Those Sent Are In God’s Hands
“Do not be afraid,” said Joseph to his brothers. He forgave them, realizing that his sufferings caused by them were the seed of the future of God’s people.
“Do not be afraid.” says Jesus to his disciples three times. Even when persecuted and apparently failing in their mission, like Jesus, their master, they are in God’s hands. God takes care of his own. God’s kingdom cannot be built up without crosses and sacrifices, not without being contested by a world that wants to create its own future.
1 Reading: Genesis 49:29-32; 50:15-26a
Jacob gave his sons this charge: “Since I am about to be taken to my people, bury me with my fathers in the cave that lies in the field of Ephron the Hittite, the cave in the field of Machpelah, facing on Mamre, in the land of Canaan, the field that Abraham bought from Ephron the Hittite for a burial ground. There Abraham and his wife Sarah are buried, and so are Isaac and his wife Rebekah, and there, too, I buried Leah–the field and the cave in it that had been purchased from the Hittites.” Now that their father was dead, Joseph’s brothers became fearful and thought, “Suppose Joseph has been nursing a grudge against us and now plans to pay us back in full for all the wrong we did him!” So they approached Joseph and said: “Before your father died, he gave us these instructions: ‘You shall say to Joseph, Jacob begs you to forgive the criminal wrongdoing of your brothers, who treated you so cruelly.’ Please, therefore, forgive the crime that we, the servants of your father’s God, committed.” When they spoke these words to him, Joseph broke into tears. Then his brothers proceeded to fling themselves down before him and said, “Let us be your slaves!” But Joseph replied to them: “Have no fear. Can I take the place of God? Even though you meant harm to me, God meant it for good, to achieve his present end, the survival of many people. Therefore have no fear. I will provide for you and for your children.” By thus speaking kindly to them, he reassured them. Joseph remained in Egypt, together with his father’s family. He lived a hundred and ten years. He saw Ephraim’s children to the third generation, and the children of Manasseh’s son Machir were also born on Joseph’s knees. Joseph said to his brothers: “I am about to die. God will surely take care of you and lead you out of this land to the land that he promised on oath to Abraham, Isaac and Jacob.” Then, putting the sons of Israel under oath, he continued, “When God thus takes care of you, you must bring my bones up with you from this place.” Joseph died at the age of a hundred and ten.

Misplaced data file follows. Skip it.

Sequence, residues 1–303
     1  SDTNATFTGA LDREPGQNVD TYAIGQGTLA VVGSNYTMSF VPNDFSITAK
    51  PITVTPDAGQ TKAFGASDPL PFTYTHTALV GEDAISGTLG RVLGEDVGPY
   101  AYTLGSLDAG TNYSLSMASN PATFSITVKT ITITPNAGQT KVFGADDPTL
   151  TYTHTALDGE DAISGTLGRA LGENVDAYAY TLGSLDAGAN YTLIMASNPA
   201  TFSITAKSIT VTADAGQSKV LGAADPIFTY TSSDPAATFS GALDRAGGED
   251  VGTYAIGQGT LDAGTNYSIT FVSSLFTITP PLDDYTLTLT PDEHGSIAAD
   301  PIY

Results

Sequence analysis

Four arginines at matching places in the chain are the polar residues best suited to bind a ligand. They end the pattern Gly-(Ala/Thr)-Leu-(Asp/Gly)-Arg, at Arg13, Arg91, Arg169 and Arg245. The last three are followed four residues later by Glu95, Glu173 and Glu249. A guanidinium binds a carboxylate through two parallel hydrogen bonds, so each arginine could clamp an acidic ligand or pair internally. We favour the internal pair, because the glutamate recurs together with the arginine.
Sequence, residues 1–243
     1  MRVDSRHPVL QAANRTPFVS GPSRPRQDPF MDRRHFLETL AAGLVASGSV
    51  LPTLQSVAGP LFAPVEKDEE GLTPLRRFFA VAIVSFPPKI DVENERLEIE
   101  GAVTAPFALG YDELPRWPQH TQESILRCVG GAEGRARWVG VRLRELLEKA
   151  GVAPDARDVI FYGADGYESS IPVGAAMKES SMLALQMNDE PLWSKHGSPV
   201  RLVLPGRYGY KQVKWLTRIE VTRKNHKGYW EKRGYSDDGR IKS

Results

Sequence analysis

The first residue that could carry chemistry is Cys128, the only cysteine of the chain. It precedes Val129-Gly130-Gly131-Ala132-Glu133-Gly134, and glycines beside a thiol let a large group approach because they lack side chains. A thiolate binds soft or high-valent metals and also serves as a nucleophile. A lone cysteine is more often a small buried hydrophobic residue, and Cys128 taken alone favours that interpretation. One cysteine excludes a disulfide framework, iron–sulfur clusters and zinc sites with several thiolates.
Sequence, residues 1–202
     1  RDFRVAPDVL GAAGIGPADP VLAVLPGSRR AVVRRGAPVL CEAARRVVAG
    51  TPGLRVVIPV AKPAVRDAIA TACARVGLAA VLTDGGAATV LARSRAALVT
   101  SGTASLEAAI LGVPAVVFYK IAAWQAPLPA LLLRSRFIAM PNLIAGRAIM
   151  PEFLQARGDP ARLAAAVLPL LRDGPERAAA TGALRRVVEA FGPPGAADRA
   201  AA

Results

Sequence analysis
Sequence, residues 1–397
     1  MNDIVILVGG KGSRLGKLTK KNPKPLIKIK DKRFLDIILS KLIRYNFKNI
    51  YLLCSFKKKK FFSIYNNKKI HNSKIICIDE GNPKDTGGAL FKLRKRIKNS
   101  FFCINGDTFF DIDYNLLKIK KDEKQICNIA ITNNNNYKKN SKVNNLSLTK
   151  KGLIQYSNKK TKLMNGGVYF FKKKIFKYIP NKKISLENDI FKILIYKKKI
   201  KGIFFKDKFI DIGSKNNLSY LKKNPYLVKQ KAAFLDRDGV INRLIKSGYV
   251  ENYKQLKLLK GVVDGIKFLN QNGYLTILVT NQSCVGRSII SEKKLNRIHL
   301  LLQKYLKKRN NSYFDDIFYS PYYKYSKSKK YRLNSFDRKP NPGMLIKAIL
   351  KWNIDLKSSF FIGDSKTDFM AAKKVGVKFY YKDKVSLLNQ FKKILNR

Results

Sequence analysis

Responsorial Psalm: Ps 105:1-2, 3-4, 6-7
R. (see Psalm 69:33) Be glad you lowly ones; may your hearts be glad!
Give thanks to the LORD, invoke his name;
make known among the nations his deeds.
Sing to him, sing his praise,
proclaim all his wondrous deeds. R.
Glory in his holy name;
rejoice, O hearts that seek the LORD!
Look to the LORD in his strength;
seek to serve him constantly. R.
You descendants of Abraham, his servants,
sons of Jacob, his chosen ones!
He, the LORD, is our God;
throughout the earth his judgments prevail. R.
Alleluia: 1 Peter 4:14
R. Alleluia, alleluia.
If you are insulted for the name of Christ, blessed are you,
for the Spirit of God rests upon you.
R. Alleluia, alleluia.
Gospel: Matthew 10:24-33
Jesus said to his Apostles: “No disciple is above his teacher, no slave above his master. It is enough for the disciple that he become like his teacher, for the slave that he become like his master. If they have called the master of the house Beelzebul, how much more those of his household! “Therefore do not be afraid of them. Nothing is concealed that will not be revealed, nor secret that will not be known. What I say to you in the darkness, speak in the light; what you hear whispered, proclaim on the housetops. And do not be afraid of those who kill the body but cannot kill the soul; rather, be afraid of the one who can destroy both soul and body in Gehenna. Are not two sparrows sold for a small coin? Yet not one of them falls to the ground without your Father’s knowledge. Even all the hairs of your head are counted. So do not be afraid; you are worth more than many sparrows. Everyone who acknowledges me before others I will acknowledge before my heavenly Father. But whoever denies me before others, I will deny before my heavenly Father.”
Despite his brothers’ fears, Joseph was much too magnanimous to consider making them pay for their earlier act of betrayal in attempting to rid themselves of him. As they make their plea before him, Joseph forgives them and promises to provide for them in the future. Always faithful to his origins, he asks that his remains be brought back to Canaan for burial.
God’s providence is a key feature of the Joseph story. The Gospel today speaks in the same terms. Just as Jesus indicates to his followers that persecution will be their lot, he also assures them that God will provide for them. The body may be tormented but the spirit will survive. God will never forget those who profess the name of Christ.
The primary lesson of the Joseph story is forgiveness, a lesson that all of us can take to heart. How often we treat others with austerity and coldness. There is the added lesson of maintaining that broader vision. Disappointment in life does not spell the end. The One who is faithful remains ever so. “With courage and determination we continue the journey.
Do not be afraid of professing your faith or of living it. Trust in God, who stands behind you. May God strengthen and bless you, the Father, and the Son, and the Holy Spirit. Amen!